IMF Executive Board Concludes 2008 Article IV Consultation with MauritiusPublic Information Notice (PIN) No. 08/83
July 15, 2008
Public Information Notices (PINs) form part of the IMF's efforts to promote transparency of the IMF's views and analysis of economic developments and policies. With the consent of the country (or countries) concerned, PINs are issued after Executive Board discussions of Article IV consultations with member countries, of its surveillance of developments at the regional level, of post-program monitoring, and of ex post assessments of member countries with longer-term program engagements. PINs are also issued after Executive Board discussions of general policy matters, unless otherwise decided by the Executive Board in a particular case.
On July 2, 2008 the Executive Board of the International Monetary Fund (IMF) concluded the Article IV consultation with Mauritius.1
Economic growth is responding to structural reform efforts. Tax reform, together with improvements in the business environment and investment initiatives, has spurred foreign investment to unprecedented levels and accelerated growth. Growth, projected at 6½-7 percent in 2007/08 (fiscal year ending June 2008), is broad based but especially strong in tourism, banking, construction, and services. Rising fiscal receipts and expenditure containment have cut the deficit and public sector debt is continuing to decline. The external current account deficit has eased but remains high on investment-driven import growth. The exchange rate appreciated 17 percent in real effective terms in the 12 months ending February 2008 from an overly depreciated level in 2005-06. However, the economy is facing rising labor, infrastructure, and other bottlenecks, as well as strong head winds from international commodity price rises. Although an appreciation of the exchange rate has dampened some of the inflationary pressures, inflation remains a concern. The central bank (BoM) has accumulated reserves, which are projected to reach 6½ months of imports by end 2007/08. However, the large and rising errors and omissions items in the balance of payments cloud the external sector analysis.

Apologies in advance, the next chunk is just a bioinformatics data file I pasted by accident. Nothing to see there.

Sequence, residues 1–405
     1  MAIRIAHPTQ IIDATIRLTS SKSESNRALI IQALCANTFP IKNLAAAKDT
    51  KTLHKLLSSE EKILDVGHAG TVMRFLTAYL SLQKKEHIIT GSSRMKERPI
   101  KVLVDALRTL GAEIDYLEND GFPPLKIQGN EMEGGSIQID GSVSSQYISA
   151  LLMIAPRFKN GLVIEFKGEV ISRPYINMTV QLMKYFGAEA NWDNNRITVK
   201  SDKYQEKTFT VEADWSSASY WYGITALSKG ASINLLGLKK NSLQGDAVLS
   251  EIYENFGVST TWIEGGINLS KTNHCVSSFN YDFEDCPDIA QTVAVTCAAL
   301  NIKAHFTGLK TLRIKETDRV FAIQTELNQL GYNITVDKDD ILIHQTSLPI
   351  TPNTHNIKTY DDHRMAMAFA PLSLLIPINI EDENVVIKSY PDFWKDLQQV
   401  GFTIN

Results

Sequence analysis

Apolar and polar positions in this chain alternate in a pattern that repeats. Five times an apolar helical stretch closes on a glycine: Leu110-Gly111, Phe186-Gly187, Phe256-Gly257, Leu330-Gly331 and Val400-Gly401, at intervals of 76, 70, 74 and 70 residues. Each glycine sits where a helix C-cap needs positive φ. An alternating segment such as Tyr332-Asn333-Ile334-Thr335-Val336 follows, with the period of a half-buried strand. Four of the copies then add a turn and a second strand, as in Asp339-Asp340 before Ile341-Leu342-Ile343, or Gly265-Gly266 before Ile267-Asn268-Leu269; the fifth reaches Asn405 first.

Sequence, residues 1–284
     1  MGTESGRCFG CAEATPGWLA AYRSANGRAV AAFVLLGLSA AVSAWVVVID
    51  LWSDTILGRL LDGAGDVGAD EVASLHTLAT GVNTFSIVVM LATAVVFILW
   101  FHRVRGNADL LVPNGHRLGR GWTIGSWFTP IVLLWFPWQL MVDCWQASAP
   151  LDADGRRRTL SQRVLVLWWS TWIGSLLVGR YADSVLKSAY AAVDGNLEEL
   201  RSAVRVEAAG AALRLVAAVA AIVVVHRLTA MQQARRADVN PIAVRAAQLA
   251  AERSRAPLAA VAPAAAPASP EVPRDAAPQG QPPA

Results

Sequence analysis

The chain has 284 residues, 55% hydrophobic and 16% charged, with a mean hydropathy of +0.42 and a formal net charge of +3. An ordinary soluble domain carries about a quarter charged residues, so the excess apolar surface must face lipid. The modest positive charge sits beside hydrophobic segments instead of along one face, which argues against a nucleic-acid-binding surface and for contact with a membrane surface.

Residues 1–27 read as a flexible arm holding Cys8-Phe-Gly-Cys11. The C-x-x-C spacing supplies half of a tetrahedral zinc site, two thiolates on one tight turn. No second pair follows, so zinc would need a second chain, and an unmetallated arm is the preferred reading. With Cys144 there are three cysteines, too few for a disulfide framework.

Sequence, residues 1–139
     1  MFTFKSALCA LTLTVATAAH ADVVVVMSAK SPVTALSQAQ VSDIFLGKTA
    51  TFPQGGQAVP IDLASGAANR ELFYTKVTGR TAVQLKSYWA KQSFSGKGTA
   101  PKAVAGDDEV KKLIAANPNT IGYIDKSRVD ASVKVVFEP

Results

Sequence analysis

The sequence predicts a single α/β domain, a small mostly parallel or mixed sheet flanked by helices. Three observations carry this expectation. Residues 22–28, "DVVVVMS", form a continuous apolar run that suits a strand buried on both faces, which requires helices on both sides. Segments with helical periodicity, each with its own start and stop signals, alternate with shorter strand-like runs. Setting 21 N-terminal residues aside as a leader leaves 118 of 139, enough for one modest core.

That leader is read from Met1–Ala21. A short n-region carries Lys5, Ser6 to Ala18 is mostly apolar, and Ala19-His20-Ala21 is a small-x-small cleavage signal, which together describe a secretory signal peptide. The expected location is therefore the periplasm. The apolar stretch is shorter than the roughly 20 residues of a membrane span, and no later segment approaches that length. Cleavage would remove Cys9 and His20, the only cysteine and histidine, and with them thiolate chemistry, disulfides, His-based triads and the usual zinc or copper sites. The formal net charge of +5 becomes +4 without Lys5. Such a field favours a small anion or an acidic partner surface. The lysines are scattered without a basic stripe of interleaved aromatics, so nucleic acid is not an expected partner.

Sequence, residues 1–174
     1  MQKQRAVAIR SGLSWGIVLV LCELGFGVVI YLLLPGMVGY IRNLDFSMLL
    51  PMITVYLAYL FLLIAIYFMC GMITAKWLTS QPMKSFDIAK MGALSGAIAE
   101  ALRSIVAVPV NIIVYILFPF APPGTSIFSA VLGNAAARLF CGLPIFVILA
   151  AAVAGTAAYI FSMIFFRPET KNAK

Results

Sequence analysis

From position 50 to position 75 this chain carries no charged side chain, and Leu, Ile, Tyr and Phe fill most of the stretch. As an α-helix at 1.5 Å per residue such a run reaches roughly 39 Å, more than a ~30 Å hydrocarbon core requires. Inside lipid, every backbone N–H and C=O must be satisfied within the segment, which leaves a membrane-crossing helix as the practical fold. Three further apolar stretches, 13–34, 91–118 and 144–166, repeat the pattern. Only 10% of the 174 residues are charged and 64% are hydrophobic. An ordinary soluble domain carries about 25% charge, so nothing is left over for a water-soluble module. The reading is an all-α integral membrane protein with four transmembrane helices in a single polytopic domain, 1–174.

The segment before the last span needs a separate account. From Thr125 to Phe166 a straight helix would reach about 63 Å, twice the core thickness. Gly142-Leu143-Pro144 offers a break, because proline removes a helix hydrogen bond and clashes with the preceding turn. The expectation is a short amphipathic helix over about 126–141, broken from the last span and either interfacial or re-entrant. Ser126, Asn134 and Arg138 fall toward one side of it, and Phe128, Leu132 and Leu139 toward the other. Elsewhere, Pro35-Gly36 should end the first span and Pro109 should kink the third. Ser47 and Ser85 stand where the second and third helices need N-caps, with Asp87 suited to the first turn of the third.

The overall fiscal position has improved as revenues have risen strongly in response to tax reforms and expenditure has been contained. Tax reform has made the tax regime more progressive, easier to administer, and broadened the base. On the expenditure side, debt service has declined in line with falling interest rates, but capital expenditure is under-target owing to implementation difficulties. The authorities have introduced fiscal management laws which will contribute to better fiscal performance.